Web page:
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‘Direct fire’: HRW urges Turkey to end ‘incorrect, unlawful’ teargas use, cites victims (GRAPHIC PHOTOS)

Published time: July 17, 2013 21:25
Edited time: July 18, 2013 02:49
Turkish riot police officer fires tear gas during clashes with protestors between Taksim and Besiktas in Istanbul on June 3, 2013 during a demonstration against the demolition of the park. (AFP Photo/Bulent Kilic)

Turkish riot police officer fires tear gas during clashes with protestors between Taksim and Besiktas in Istanbul on June 3, 2013 during a demonstration against the demolition of the park. (AFP Photo/Bulent Kilic)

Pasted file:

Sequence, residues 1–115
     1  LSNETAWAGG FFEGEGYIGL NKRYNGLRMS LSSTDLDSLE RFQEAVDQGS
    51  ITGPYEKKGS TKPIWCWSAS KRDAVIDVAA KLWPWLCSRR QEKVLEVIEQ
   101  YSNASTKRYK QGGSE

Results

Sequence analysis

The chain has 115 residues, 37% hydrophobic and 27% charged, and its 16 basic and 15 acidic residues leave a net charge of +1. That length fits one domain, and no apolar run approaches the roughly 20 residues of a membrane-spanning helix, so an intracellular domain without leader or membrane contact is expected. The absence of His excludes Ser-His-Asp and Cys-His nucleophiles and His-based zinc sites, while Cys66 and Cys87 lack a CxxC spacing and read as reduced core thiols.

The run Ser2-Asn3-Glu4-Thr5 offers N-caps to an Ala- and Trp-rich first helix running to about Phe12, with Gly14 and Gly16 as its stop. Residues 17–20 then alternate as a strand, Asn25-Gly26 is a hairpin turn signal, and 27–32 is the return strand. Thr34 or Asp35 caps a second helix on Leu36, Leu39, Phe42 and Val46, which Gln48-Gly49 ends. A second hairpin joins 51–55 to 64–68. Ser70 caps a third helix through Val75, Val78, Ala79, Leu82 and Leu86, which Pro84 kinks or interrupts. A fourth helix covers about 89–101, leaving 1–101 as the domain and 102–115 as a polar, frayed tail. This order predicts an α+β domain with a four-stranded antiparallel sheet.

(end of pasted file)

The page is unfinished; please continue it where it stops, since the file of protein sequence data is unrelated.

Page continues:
Turkish police fired teargas canisters at close range and directly at people during the Gezi Park protests causing serious injuries, says a report by the Human Rights Watch. Those hit by canisters lost eyes and received life threatening skull fractures.

The Turkish authorities “should immediately issue improved guidelines on when and how teargas may be used that included a prohibition on firing teargas canisters in confined areas or directly at people,” Human Rights Watch (HRW) said.
 
The report titled “Turkey: End Incorrect, Unlawful Use of Teargas,” which has been published on the group’s website, also calls to “strictly enforce” such policies, and hold non-compliant police officers accountable.